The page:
Into her marriage she brings a large unicorn blanket she could not part
with, though it embarrasses her that she still frets over judgement from a beast she knows is imagined. Her husband loves her and cannot bring himself to hate it. The pragmatic part of him notes that the blanket is at least
warm and lies smoothly over the goose-feather duvet. The woman lies beneath the blanket beside her husband and is comforted. Long before she learned to be angry, a part of her had mourned the unicorn, convinced it would
know just from looking at her that she was no longer worthy. Though her family and friends couldn’t fathom her secret if she didn’t speak of it, a unicorn would see her body, an unjewelled thing amongst the birch and pine, and it would be ashamed. She had found it easy to believe that she was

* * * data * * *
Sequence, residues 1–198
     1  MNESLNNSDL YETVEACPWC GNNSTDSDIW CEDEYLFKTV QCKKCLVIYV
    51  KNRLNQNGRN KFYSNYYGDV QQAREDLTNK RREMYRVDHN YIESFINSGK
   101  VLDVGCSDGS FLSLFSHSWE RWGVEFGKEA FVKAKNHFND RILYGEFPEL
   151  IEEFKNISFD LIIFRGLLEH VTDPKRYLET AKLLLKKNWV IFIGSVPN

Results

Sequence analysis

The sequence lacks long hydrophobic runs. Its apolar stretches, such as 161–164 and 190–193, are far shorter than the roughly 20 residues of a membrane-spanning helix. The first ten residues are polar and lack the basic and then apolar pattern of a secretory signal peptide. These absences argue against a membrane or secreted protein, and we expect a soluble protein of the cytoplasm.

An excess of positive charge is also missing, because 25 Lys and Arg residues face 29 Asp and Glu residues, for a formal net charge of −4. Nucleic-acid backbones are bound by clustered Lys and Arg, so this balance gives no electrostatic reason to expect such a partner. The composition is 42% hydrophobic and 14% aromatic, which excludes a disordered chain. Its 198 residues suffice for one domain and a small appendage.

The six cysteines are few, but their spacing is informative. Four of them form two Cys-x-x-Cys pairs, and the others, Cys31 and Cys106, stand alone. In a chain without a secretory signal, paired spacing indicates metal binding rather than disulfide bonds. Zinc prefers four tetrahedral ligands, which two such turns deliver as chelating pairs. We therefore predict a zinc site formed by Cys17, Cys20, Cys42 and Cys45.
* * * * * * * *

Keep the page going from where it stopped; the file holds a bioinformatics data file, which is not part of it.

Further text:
mundane and could no longer be a friend to magic. Now, the wind sings into the un-blossomed tulips of their garden as the couple edges toward the dark forest of sleep. The woman has learned to stop blaming herself for a violence she once thought had ruined her heart. At night the unicorn leaps out of the threads of the blanket and lands gently outside the bedroom window to lower its horn in the slant of the moon. It might approach to nudge against their skins. It knows instinctively how the man and the woman hold their pleasures, like sugar cubes,
inside their hands, and it has always approved of such tenderness between creatures.